• Commercial Real Estate: The $3.4 trillion outstanding in debt backed by office buildings, shopping malls and other commercial real estate is easily large enough to pose a real threat to the recovery.
The Moody’s/REAL Commercial Property Price Index has lost 43% of its value since peaking in 2007, recently falling to its lowest level since 2002. As commercial property values fall, debt defaults rise.
This problem has been well-telegraphed and will likely take a long time to unwind—through 2012, according to Guy LeBas, fixed-income strategist at Janney Capital Markets. That might lessen the impact on financial markets.
But much commercial real-estate debt is held by regional banks that aren’t too big to fail and that, during this slow unwinding, might be hesitant to lend more money. That should, at the very least, keep the brakes on the economic recovery.
• Consumer Credit: Another risk for bank balance sheets is the nearly $900 million in credit-card debt outstanding.
Roughly a third of that debt might be owed by high-risk, subprime borrowers, according to various estimates.
• Municipal Debt: The $3 trillion market for the debt of local governments seldom experiences defaults. But when it does, it draws attention, as when Orange County, Calif., defaulted in the 1990s and when Jefferson County, Ala., came close to default last year.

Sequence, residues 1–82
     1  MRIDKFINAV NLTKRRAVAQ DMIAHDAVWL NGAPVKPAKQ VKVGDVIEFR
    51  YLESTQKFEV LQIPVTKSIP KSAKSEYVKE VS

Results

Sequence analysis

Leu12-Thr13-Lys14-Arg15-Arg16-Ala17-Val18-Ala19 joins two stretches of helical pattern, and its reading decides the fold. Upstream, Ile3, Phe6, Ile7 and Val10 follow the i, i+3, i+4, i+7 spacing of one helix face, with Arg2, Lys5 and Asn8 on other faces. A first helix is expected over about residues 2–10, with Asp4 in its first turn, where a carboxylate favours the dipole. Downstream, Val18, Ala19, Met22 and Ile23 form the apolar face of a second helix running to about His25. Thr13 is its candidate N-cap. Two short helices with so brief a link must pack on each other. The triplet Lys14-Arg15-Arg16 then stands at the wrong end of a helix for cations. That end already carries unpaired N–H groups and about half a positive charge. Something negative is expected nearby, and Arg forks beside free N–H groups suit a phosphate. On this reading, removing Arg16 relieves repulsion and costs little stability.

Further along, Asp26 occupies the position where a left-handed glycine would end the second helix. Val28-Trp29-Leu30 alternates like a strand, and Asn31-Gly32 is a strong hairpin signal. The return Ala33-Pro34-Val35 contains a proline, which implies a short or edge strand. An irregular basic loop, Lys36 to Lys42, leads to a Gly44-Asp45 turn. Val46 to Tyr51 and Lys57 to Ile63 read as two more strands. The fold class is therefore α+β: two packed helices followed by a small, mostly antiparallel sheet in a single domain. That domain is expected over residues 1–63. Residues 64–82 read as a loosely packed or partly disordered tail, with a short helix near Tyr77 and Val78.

Rising unemployment and falling property values have hurt municipal tax receipts and raised worries about default risk. After rallying 30% from its October 2008 bottom, the Bond Buyer’s Municipal Bond Index has fallen 5% since peaking this September, while other assets have continued to rally.
Worries about paying debts and other bills are leading to deep cost-cutting by local governments, another drag on the economic recovery.
• More housing trouble: Meanwhile, millions of U.S. residential mortgage foreclosures still in the pipeline.
Nearly 10.7 million homeowners, or roughly 23% of the total, owe more money on their mortgages than their homes are worth, according to real-estate information company First American CoreLogic.
Anywhere from three million to seven million mortgages might be in the foreclosure pipeline, according to various estimates.
• Sovereign Debt: Even if the entire government of Dubai defaults, that would still represent just $80 billion in debt, hardly earth-shattering. But Dubai is not the only sovereign issuer with troubles.
Every episode of sovereign worry raises market fears of contagion, “reminders that pockets of post-credit-excesses are intact and destabilizing,” Gluskin Sheff chief economist David Rosenberg told clients on Friday.
To put the discussion of Dubai World’s loan default into context, the WSJ has an overview of the overhang in several of the largest credit and debt markets.